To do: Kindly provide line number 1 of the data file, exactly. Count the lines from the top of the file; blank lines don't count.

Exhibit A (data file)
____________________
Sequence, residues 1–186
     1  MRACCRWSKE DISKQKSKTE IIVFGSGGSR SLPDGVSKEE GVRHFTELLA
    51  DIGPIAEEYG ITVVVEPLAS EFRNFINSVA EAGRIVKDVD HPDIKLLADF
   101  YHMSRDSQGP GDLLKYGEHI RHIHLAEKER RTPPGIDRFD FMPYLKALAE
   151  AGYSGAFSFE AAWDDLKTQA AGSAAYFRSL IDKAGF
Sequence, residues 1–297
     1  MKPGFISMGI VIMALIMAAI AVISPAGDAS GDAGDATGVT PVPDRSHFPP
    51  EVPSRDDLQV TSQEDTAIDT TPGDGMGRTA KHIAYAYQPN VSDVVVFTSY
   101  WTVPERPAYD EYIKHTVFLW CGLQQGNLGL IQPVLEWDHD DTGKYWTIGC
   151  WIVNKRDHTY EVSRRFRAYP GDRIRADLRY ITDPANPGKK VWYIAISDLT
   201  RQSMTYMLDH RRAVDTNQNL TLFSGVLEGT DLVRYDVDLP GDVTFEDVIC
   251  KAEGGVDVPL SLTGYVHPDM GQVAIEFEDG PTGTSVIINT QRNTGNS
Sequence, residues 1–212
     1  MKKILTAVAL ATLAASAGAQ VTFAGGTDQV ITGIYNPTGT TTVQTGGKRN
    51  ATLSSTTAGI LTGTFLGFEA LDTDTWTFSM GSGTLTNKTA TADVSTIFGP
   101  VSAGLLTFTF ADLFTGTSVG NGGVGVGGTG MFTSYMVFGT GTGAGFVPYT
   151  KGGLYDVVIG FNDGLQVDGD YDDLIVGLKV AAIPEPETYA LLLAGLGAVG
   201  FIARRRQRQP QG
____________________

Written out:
Sequence, residues 1–186